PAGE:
From the Attic 3: Journeys to the Underworld

A survey of classical sites in Italy associated with the ancient Sibyls, this is a really odd work from a woman who was a publishing phenomenon in the late Eighties. Fiona Pitt-Kethley came to attention as a poet whose racy subject matter – blow jobs for example – combined with a prim exterior that hardly hinted at the volcanic passions that apparently lay beneath.

Appropriately for a travel-book-cum-memoir (and indeed cum memoir) we learn quite a bit about its author, who at the time of writing is skint (par for the course for a poet) and living in Hastings. She seems to have been contracted to write the book, but if there was an advance it was a small one, as much of ‘Journeys to the Underworld’ involves taking budget train journeys, walking for miles and cadging lifts. As a solo female traveller she is certainly intrepid.

‘Casual sex is much more in my line [than drinking]’ she claims early on. ‘Most women on package tours pick up the waiters at the hotel… I’m more into picking up the guides and archaeologists working on sites or in museums.’ Furthermore ‘I only have sex with good-looking men… “Slag” I feel doesn’t really fit me… I’m not cheap, I’m free.’ The author biog describes her as ‘a female Casanova’. You can imagine the chaps at the TLS getting all excited when the book was published in 1988.

About the Sibyls she is well-informed, full of erudition and consistently interesting. She travels through Italy, starting in Naples (in a chapter called ‘Neapolitan Erections’ where a man springs out at her ‘wildly wanking’) via Rome, Sicily, Herculaneum (a chapter entitled ‘Men’, where she encounters a foot fetishist), Mantua, city of Virgil and finally Orvieto: ‘Etruscan tombs are a great place for trying to rape tourists.’ It’s not that there is a massive amount of sex, or that it is particularly explicit – quite the contrary. It’s just that the juxtaposition with scholarship is more jarring than exciting. Also, 30 years after publication, it looks like narratives which were daring in their own time might be the quickest to become dated.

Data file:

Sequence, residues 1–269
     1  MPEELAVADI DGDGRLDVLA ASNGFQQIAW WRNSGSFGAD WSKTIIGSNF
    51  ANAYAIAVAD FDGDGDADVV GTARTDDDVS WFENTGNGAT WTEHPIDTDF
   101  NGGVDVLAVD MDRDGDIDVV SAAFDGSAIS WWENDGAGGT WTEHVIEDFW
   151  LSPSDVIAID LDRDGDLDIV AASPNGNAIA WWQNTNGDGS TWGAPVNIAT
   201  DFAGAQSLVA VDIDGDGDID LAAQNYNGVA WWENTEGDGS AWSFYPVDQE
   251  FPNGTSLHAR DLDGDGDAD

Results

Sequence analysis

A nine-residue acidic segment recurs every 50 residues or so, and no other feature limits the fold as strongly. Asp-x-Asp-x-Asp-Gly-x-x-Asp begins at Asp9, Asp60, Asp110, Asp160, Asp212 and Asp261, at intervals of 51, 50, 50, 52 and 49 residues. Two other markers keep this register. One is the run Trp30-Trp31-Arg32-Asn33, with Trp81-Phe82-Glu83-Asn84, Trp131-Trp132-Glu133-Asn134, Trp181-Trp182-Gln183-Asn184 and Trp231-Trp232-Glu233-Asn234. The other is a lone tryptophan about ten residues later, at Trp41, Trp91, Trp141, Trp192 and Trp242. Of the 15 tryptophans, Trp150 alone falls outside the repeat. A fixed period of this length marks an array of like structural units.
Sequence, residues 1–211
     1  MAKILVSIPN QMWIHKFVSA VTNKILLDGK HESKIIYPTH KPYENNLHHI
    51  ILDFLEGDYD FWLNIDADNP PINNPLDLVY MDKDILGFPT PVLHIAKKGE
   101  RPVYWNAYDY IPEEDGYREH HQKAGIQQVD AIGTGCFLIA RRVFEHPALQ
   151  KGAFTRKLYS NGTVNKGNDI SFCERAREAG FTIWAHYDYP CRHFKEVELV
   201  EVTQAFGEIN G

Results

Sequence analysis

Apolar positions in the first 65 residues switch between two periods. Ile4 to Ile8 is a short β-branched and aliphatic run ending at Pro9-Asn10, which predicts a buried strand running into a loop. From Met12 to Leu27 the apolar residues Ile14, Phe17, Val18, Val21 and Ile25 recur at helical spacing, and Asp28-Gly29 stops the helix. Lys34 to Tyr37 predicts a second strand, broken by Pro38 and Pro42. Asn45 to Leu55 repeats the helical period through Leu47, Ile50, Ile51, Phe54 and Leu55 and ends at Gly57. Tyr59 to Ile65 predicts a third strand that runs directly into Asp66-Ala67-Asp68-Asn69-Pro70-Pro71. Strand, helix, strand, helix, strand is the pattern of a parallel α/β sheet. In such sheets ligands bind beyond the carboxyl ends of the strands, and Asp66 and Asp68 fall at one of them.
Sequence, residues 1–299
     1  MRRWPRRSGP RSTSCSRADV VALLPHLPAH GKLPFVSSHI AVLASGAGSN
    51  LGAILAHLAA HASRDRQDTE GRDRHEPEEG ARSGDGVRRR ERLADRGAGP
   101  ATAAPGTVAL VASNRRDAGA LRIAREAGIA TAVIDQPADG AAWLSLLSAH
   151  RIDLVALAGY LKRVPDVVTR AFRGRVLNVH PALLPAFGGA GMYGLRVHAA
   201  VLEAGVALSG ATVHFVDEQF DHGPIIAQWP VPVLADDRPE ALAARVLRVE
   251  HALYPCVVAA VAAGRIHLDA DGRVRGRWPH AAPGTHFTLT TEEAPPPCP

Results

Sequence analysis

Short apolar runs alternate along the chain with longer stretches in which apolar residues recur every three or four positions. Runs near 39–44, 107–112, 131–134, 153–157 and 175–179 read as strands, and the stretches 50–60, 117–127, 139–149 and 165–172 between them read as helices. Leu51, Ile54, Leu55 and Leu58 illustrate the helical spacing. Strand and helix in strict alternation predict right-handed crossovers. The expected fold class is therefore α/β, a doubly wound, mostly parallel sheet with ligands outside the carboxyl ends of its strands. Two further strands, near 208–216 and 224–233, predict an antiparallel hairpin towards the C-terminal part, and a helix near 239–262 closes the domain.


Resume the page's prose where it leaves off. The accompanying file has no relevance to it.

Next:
Pitt-Kethley’s frankness about sex might have felt refreshingly fearless back then, but post MeToo and many layers of consciousness-raising later, she can seem inappropriately jaunty, as when she speculates that Italian children might be less at risk from paedophiles than British ones. Due to national prudishness, she claims ‘it’s probably easier for [British men] to mess around with their own daughters. Of course, keeping it in the family is also cheaper. They never have to buy their girl a drink.’

She accepts a lift to Caserta from a pestering rock musician. He must have been one of those good-looking men because ‘We made love,’ although at the beginning she refuses because ‘A girl has to say no for the first two minutes.’ It’s surprisingly conventional attitude from a self-professed female Don Juan, and one that has continued to wreak havoc and misunderstanding around issues of consent.

But we can’t blame Pitt-Kethley for writing within her own historical period. The quality of ‘Journeys to the Underworld’ lies firmly in her shrewd encounters with the ancient world, and anyone seeking raciness would be much better served with the torrent of franker, fresher accounts of female sexuality that have been published since.

Pitt-Kethley comes across less as a female Casanova than a lone woman who is constantly solicited, hassled, and sexually harassed and who every so often succumbs to the pressure. She has no interest in women beyond the Sibyls, and when male bores and time-wasters take her on lengthy detours and fail to fulfil their promises of private tours and free meals, she seems too meek even to protest. It doesn’t feel much like liberation – or libertinism.

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